Jshell : Java REPL

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A good programmer is always lazy when it comes to writing the code. They always try to complete their functionality in minimum lines of code. The same thing is expected by them when it comes to debugging or learning new features. In order to fulfill this requirement, almost every programming language has a REPL, a tool which has proved to be of great importance, especially for the beginners.

Until 1.8 version, Java provided no such facility, thus, making it a bit hard for the programmers. Just for testing some lines of code, a new class and several methods need to be created, making the task hideous.

But from 1.9 version onwards, now, Java developers also got this exciting feature. All their prayers were answered with the introduction of a Java Shell tool, commonly known as Jshell. So, let’s have a look and see how we can take advantage of this.

How to start and stop the jshell?


The first and the most simple thing is to start jshell just by typing the command on the terminal. You will be displayed the version which you are currently using.

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And you can easily stop it by using the command(s) :



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Features in Jshell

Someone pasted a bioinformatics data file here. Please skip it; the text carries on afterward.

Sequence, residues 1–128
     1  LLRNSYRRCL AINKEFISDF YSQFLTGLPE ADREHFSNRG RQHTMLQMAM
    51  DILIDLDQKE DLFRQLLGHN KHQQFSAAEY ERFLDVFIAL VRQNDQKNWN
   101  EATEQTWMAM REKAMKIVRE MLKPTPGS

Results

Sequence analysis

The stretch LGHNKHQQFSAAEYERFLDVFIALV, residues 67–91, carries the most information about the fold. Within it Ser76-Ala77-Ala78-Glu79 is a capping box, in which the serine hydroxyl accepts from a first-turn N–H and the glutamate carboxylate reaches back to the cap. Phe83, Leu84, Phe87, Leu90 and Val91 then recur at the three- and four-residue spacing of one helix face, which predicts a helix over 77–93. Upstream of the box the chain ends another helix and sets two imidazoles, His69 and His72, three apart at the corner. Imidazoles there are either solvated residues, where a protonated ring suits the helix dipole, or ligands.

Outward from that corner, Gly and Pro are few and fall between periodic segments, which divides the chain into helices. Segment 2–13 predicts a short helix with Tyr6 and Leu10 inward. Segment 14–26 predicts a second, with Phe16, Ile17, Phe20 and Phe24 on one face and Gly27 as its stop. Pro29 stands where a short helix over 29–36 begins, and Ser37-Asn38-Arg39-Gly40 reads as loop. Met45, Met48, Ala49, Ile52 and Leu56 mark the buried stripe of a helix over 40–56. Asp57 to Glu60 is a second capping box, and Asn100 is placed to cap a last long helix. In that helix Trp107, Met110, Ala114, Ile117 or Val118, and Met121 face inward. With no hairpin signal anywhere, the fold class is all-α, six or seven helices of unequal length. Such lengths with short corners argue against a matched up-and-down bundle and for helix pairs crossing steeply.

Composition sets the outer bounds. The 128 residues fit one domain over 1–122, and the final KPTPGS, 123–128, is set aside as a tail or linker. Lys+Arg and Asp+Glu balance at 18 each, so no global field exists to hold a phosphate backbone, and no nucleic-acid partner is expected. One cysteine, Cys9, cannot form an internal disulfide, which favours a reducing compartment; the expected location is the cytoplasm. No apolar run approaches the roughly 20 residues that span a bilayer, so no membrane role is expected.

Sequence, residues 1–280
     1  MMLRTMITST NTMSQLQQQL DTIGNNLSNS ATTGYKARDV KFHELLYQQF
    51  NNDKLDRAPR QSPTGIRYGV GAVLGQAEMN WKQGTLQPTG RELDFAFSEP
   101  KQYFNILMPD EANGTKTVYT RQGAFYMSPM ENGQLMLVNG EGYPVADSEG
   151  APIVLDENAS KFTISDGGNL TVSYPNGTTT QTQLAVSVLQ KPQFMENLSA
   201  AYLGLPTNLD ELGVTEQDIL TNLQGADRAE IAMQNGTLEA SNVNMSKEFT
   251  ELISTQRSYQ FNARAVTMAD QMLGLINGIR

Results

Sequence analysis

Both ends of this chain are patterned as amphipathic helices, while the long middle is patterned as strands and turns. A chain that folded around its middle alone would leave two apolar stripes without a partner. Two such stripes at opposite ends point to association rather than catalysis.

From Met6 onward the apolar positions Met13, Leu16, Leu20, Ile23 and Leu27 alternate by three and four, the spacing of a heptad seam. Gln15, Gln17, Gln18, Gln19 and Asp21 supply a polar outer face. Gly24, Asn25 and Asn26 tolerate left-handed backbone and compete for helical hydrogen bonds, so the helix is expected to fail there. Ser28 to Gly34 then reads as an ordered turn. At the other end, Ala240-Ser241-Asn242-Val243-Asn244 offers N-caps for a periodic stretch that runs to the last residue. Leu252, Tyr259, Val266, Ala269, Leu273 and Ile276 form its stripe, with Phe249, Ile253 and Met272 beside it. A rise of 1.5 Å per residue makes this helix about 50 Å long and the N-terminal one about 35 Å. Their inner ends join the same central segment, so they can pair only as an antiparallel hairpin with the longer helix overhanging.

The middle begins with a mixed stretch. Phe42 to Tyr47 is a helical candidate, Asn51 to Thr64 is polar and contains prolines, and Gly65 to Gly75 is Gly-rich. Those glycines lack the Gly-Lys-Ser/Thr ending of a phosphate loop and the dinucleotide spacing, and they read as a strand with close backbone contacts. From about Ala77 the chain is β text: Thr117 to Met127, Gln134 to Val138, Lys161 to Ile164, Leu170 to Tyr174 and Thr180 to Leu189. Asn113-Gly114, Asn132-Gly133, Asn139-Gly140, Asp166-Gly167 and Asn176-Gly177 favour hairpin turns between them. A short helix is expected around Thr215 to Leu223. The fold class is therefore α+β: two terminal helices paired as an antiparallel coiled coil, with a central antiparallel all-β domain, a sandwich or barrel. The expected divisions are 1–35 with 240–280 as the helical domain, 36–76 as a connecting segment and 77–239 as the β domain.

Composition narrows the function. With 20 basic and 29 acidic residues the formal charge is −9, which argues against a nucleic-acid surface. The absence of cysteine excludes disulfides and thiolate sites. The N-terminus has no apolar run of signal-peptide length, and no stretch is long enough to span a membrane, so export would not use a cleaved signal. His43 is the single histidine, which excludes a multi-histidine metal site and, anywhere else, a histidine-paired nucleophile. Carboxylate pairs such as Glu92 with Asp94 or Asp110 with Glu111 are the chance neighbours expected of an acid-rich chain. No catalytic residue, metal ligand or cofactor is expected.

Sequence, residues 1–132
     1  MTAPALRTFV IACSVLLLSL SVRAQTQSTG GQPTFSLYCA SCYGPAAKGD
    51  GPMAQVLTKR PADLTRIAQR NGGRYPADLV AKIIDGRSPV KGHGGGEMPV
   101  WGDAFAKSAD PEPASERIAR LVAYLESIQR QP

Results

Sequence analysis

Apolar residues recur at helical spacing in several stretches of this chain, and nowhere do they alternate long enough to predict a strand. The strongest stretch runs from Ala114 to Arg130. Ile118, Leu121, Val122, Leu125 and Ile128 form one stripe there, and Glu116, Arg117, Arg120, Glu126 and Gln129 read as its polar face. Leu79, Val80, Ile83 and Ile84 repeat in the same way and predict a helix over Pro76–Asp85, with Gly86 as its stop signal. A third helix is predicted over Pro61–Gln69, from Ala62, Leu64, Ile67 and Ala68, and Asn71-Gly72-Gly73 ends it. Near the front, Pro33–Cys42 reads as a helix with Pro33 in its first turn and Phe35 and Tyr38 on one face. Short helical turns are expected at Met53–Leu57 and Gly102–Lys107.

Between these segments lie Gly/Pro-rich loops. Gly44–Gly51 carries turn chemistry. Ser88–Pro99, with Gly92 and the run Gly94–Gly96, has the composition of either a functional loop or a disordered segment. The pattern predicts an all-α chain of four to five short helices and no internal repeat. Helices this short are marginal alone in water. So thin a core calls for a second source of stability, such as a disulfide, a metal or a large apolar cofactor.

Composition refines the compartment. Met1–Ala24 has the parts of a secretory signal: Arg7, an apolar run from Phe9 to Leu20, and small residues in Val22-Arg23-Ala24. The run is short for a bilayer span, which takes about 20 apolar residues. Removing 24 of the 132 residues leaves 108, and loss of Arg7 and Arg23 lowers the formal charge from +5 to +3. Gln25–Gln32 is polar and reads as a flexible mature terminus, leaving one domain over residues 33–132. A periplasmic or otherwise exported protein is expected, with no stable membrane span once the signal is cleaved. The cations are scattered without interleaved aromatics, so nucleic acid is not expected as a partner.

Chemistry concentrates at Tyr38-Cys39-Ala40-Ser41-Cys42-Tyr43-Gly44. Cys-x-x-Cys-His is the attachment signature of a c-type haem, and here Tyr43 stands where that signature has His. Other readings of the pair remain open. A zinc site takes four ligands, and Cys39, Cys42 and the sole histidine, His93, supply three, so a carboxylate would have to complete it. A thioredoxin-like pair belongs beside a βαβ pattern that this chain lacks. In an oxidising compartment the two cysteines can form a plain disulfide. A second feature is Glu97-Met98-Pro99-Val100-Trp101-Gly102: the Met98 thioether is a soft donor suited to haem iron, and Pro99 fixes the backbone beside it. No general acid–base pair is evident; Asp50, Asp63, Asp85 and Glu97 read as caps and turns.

Now, let’s explore some of the new features provided by jshell.

  1. /var : This command is used to get the list of all the variables used so far. As shown in the image below, while performing the calculations, jshell created implicit variables. As soon as we typed the command /var, we get all the variables declared so far i.e. $1 and $2.
  2. /types [option] : This command displays the type of all the classes, interfaces and enums. The [option] can be a specific name or id, of which you want to see the type. In the screenshot below, we have declared a class named as Demo1, so accordingly, we got the results :
  3. /methods :  This will provide you all the methods declared so far. For example, here we have created a method i.e. addition().
  4. /list : This is one of the most useful command. This provides us all the snippets created so far.

Similarly, there are many more commands that helps to make programming fun and easy to learn.

References :